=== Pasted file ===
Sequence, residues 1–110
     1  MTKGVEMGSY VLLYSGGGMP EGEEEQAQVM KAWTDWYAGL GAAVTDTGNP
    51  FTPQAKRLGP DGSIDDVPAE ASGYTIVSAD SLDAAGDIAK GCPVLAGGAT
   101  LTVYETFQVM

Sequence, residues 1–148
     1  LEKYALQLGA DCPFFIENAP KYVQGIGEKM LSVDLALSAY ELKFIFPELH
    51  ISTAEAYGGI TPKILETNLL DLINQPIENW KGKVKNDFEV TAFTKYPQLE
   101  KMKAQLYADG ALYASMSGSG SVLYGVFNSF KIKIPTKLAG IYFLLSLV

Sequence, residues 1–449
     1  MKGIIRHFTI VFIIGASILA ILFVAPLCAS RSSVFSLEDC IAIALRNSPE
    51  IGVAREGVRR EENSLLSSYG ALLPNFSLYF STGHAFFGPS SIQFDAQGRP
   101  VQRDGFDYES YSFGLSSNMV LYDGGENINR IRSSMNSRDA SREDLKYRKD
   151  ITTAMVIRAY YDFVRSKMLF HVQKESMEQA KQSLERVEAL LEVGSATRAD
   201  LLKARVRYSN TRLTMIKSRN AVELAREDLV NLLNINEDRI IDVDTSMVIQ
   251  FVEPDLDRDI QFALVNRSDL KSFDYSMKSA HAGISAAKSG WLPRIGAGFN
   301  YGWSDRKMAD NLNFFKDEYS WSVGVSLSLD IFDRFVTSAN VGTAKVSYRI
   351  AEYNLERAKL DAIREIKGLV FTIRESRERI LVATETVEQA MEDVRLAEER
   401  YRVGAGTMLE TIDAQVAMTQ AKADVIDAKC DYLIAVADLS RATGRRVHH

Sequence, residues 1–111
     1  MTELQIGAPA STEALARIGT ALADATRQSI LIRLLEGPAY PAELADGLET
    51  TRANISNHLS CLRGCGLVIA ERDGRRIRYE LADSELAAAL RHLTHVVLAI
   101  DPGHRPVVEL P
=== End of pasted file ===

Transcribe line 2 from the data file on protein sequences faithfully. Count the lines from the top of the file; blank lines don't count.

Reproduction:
     1  MTKGVEMGSY VLLYSGGGMP EGEEEQAQVM KAWTDWYAGL GAAVTDTGNP